East of Constantinople, West of Shanghai

Irony & Pathos

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Perceptions are weird.
Various clues seem to point to the fact that, in the local business, I am considered a humorless, almost Vulcan-style, reptilian-like emotionless sort of writer. Or something like that.
Which is, as I said, weird.

Last night I was discussing a forthcoming project and I was told repeatedly

Yes, but it will need some pathos. You need to put some in.

Considering we were discussing a noirish, hard-boiled story, it is obvious that a certain amount of emotional involvement for the reader will have to be in but, as I tried to explain, it’s not like, I sit at the PC and go

Now I’ll do two heavily pathos-laden pages!

Pathos, the appeal to the reader’s emotions, is something that must emerge from the story, given the genre, the style, the themes.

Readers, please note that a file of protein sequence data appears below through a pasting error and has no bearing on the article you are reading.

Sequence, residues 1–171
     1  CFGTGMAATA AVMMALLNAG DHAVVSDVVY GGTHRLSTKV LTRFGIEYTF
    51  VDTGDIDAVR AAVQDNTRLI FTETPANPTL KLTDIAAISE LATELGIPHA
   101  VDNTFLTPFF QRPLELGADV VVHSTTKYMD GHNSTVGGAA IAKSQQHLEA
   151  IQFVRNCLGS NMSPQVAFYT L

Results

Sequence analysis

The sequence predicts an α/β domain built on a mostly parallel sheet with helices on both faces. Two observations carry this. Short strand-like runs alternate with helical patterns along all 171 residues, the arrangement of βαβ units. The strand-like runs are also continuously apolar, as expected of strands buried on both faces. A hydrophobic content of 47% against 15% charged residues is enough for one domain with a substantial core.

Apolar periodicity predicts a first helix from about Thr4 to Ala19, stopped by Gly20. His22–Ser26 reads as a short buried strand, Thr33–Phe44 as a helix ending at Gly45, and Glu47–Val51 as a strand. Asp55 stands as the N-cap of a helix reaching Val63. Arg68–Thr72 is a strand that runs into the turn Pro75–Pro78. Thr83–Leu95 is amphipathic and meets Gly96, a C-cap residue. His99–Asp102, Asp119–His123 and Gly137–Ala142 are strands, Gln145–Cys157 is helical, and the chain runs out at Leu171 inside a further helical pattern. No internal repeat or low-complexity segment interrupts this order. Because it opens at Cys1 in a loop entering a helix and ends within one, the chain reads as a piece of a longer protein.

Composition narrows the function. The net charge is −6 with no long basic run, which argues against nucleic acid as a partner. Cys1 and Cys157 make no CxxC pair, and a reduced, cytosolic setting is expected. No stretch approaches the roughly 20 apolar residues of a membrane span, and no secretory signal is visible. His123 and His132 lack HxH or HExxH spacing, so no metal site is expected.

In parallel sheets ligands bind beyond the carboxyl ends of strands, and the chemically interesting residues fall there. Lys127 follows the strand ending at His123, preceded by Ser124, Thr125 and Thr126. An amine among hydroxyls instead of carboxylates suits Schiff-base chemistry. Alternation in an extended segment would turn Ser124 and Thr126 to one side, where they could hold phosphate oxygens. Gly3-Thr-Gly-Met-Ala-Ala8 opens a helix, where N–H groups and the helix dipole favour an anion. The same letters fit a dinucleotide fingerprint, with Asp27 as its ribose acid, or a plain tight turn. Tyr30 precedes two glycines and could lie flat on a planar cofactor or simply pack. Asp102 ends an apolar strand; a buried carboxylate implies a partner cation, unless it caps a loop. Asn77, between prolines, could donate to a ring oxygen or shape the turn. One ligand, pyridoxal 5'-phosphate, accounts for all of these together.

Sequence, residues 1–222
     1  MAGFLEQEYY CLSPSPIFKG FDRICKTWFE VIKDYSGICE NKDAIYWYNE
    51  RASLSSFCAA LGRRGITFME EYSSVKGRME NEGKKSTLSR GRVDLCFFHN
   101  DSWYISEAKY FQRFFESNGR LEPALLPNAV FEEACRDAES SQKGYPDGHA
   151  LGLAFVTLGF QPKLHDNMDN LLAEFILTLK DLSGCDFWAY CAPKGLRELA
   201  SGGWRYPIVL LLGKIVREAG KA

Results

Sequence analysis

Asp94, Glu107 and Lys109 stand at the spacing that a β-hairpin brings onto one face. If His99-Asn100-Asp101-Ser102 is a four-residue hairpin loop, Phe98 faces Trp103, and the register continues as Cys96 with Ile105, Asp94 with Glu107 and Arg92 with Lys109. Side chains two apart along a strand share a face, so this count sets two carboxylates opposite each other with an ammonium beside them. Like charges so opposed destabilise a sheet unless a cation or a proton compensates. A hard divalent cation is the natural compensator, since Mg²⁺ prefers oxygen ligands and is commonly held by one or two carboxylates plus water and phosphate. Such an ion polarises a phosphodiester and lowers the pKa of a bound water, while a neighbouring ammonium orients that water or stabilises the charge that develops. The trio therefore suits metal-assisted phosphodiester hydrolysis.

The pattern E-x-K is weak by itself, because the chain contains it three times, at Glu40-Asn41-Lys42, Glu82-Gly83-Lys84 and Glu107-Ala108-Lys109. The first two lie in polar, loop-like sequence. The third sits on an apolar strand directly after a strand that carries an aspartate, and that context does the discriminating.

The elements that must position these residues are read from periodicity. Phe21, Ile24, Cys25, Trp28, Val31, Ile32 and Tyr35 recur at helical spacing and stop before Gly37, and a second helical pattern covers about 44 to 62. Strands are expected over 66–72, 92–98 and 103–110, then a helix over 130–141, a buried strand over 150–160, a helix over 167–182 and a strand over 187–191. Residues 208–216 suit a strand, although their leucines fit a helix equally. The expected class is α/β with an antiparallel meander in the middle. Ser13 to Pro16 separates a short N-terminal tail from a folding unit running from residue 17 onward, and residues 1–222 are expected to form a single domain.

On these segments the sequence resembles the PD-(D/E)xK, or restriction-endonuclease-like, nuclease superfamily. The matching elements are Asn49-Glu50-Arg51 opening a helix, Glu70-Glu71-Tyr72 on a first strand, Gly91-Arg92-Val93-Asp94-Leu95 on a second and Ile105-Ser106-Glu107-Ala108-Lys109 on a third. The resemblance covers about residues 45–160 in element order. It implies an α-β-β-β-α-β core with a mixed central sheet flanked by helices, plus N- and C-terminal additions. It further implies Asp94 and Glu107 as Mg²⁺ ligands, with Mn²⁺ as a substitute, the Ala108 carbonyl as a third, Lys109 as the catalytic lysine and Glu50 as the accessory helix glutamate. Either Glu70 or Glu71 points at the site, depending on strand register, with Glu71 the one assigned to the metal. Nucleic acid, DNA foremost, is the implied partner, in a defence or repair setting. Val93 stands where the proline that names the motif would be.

And what the heck, I’m a writer, so that’s what I do.

But again, one year ago, an editor commissioned me a story and then repeatedly reminded me to

Be ironic! The story’s got to have irony!

Which was a given, considering the theme of the project. But there you have it – apparently I am perceived as some sort of word-churning machine, with no emotion, with only word-counts.

But then, just yesterday, an Italian Youtuber did a review of that anthology, and she singled out my story to say “it’s very atmospheric”.
And she did not complain for any lack of irony.
So there.

After all, it’s writing – the story will feature the required emotions and ideas, or simply I will not be able to write it.
As the man said, that’s what I do.

Author: Davide Mana

Paleontologist. By day, researcher, teacher and ecological statistics guru. By night, pulp fantasy author-publisher, translator and blogger. In the spare time, Orientalist Anonymous, guerilla cook.

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